Stormy oil markets sent Brent prices crashing to their lowest since 1999, though a stabilisation of some petro-currencies and a bounce in European stocks gave investors something buoyant to cling to.
The wildest trading in oil market history continued with benchmark Brent down another 10 per cent to $US17 a barrel, having plunged 24 per cent the day before after US crude prices had gone deeply negative.
With coronavirus lockdowns slashing demand for everything from petrol to jet fuel, and markets still bloated by a turf war being fought by Saudi Arabia and Russia, places to store the excess supply are running out.
Christopher Peel, CIO of Tavistock Wealth, said eight oil supertankers were now moored on the river outside his window in the Portuguese capital, Lisbon.
“There is nowhere to put the oil so it shouldn’t come as any surprise to anyone that the front months (oil price contracts) are getting decimated,” he said, adding it should be a temporary situation.
There was encouragement, meanwhile, that Europe’s main stock markets had opened higher after a poor close overnight in New York and a mixed day for Asia.
Focus was on whether European Union leaders, who meet on Thursday, will be able to agree more aid to help the region’s economies cope with the coronavirus outbreak.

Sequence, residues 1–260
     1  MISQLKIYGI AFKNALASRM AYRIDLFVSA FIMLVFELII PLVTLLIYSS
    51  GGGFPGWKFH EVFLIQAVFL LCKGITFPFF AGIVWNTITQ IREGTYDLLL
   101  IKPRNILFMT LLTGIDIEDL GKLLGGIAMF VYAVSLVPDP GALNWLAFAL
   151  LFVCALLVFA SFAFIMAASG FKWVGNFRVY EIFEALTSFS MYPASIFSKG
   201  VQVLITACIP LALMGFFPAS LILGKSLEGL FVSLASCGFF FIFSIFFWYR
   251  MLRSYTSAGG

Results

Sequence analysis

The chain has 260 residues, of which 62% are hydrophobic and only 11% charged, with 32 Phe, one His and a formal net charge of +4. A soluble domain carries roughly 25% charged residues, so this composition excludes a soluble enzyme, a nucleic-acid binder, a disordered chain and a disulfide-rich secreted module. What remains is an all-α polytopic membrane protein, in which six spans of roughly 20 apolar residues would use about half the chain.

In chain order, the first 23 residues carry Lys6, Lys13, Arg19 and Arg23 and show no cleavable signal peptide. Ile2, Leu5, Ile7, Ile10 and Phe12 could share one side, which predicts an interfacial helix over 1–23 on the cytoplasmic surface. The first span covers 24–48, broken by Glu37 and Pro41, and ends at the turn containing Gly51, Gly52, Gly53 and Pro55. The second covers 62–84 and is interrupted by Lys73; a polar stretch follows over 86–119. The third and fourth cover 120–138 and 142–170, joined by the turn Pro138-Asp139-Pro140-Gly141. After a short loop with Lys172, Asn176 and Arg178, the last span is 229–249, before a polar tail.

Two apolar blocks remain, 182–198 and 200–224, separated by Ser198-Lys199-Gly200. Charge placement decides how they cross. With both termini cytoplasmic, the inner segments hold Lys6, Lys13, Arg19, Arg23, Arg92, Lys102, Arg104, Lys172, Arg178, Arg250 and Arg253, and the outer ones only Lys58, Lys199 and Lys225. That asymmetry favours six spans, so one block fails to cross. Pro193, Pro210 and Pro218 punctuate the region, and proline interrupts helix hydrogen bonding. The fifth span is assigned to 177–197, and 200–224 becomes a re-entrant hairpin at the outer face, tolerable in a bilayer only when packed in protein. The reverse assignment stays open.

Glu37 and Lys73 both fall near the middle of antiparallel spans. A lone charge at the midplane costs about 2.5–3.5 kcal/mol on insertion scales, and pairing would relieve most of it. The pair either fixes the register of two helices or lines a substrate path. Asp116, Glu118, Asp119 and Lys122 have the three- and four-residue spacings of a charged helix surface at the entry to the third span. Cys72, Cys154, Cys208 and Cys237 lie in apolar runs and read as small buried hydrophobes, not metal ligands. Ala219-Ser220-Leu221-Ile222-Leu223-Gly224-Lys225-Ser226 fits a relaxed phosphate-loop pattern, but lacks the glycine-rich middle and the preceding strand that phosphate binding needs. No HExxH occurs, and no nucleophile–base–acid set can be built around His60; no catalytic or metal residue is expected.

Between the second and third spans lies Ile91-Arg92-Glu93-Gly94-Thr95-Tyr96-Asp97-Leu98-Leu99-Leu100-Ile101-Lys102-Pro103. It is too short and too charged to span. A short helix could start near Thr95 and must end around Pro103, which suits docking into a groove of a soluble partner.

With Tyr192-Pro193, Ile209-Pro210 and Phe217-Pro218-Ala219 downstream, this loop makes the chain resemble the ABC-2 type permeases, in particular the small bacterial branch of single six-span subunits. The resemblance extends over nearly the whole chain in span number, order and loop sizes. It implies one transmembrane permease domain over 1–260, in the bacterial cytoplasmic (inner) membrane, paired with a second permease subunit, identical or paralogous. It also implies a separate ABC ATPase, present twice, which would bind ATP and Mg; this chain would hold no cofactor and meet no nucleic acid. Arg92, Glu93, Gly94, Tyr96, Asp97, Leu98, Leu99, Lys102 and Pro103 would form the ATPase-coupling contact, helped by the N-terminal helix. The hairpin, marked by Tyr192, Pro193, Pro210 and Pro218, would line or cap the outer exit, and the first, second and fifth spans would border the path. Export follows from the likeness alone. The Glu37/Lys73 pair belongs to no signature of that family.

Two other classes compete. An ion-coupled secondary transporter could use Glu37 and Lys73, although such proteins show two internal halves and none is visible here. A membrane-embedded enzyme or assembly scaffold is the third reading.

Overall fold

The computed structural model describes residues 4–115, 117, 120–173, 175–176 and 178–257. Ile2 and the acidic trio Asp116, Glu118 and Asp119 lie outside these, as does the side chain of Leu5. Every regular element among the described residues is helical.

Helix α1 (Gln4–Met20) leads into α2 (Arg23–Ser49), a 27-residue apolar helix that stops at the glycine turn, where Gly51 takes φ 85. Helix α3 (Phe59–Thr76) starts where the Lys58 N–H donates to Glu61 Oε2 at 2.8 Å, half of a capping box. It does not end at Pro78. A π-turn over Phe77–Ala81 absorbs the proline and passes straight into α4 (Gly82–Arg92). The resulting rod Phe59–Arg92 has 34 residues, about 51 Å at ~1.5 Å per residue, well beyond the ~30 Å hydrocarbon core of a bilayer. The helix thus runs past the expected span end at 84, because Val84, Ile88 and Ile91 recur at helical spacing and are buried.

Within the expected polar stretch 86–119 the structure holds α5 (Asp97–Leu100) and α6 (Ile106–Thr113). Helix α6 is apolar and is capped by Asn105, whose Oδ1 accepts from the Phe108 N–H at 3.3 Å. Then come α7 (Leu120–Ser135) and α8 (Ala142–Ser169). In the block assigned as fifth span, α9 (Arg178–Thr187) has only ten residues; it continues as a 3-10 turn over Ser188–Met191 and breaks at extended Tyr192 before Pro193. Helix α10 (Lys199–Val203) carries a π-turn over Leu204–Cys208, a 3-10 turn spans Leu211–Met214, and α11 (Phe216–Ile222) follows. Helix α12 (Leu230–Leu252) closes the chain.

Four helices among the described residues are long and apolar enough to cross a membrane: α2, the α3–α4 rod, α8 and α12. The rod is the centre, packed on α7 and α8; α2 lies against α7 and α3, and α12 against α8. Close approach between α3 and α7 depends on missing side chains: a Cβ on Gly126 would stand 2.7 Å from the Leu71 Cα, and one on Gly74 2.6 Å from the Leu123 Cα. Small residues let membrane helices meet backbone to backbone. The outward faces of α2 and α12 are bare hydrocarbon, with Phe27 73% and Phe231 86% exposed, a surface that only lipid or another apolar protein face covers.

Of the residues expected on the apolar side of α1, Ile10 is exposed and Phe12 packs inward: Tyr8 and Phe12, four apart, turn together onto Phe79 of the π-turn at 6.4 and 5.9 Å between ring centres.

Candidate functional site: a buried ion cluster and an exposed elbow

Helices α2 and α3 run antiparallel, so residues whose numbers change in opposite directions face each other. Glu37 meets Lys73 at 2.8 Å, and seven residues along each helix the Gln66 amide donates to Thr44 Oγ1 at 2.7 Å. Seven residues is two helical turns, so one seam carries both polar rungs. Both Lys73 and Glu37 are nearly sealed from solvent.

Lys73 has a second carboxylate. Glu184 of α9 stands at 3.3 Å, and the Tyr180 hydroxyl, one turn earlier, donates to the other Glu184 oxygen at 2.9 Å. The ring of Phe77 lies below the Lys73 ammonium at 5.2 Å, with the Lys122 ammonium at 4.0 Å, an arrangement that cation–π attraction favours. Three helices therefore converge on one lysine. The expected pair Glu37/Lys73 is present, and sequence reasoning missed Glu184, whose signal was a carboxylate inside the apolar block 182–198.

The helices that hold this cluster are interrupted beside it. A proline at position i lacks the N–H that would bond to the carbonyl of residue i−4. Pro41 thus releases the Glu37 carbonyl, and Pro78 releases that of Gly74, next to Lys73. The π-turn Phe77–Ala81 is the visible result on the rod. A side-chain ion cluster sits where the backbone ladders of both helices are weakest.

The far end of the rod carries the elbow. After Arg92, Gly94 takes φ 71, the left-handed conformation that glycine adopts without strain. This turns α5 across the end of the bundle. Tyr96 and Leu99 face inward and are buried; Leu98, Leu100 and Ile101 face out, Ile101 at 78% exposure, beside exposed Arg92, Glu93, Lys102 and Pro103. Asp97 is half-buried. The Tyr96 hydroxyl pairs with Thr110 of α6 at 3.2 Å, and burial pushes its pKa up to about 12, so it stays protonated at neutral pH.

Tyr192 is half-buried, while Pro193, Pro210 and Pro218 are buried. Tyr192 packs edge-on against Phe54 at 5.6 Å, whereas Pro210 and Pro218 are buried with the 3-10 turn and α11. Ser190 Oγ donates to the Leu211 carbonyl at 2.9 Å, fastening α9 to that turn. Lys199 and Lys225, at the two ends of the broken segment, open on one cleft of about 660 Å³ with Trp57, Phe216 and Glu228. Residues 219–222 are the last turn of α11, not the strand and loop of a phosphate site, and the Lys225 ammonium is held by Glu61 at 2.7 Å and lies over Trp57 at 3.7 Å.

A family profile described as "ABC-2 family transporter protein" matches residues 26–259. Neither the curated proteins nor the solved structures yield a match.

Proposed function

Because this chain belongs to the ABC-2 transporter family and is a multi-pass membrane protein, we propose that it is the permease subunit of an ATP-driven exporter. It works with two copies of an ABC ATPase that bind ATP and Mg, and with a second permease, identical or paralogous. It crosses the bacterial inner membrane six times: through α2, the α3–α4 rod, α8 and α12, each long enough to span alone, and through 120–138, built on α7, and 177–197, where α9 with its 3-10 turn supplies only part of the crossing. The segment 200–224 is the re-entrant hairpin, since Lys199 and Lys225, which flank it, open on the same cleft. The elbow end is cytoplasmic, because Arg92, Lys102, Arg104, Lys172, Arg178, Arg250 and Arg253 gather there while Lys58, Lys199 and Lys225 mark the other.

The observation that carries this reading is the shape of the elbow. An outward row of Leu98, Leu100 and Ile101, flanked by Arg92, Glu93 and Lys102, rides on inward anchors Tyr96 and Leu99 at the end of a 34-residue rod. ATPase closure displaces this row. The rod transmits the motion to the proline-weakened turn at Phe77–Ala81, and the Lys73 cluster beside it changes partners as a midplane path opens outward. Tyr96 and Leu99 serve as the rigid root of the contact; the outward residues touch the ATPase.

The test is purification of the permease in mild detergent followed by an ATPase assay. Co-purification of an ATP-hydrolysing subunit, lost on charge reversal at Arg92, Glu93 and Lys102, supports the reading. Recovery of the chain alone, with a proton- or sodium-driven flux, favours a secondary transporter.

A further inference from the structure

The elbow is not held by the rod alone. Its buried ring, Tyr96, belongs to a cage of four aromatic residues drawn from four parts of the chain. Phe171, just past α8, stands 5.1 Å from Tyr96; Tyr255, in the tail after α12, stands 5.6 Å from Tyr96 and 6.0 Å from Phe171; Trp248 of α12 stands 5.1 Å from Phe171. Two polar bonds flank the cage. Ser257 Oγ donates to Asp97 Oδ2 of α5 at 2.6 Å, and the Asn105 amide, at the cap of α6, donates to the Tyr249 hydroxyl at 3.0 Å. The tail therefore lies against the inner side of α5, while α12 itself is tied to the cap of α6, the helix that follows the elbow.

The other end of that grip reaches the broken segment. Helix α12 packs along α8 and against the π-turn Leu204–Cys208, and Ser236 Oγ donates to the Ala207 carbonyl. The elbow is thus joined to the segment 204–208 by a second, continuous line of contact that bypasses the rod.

The pan-European STOXX 600 index was up just over 1 per cent, after tumbling more than 3 per cent on Tuesday following the collapse in oil prices.
Italian shares gained 1.3 per cent and the government’s bond yield fell after Prime Minister Giuseppe Conte said Italy, one of the countries hit hardest by the pandemic, could start pulling out of strict stay-at-home orders from May 4.
Traders were also buoyed after Italy breezed through a major debt sale on Tuesday and speculation continued that the European Central Bank would provide more support measures.
The five-year US Treasuries yield also rose to 0.33 per cent after hitting a record low of 0.3010 per cent on Tuesday.
Restrictions are tentatively being lifted in a host of other countries and many more are unveiling stimulus measures.
South Africa’s president pledged a $US26 billion rescue package on Tuesday for his country’s economy, which was suffering from anaemic growth even before the coronavirus outbreak.
Mexico unveiled a $US31-billion package and cut its benchmark rate by 50 basis points. South Korea readied a third supplementary budget and a $US32.4 billion fund to prop up its economy.
“If the global economy can reopen in eight weeks or so the damage is done (for equity markets), but the longer-term damage is in the bond markets,” said Tavistock’s Peel.
US stock futures had bounced back to be about 1 per cent higher after Tuesday’s falls.
Originally published as Brent slumps but stocks seemingly recover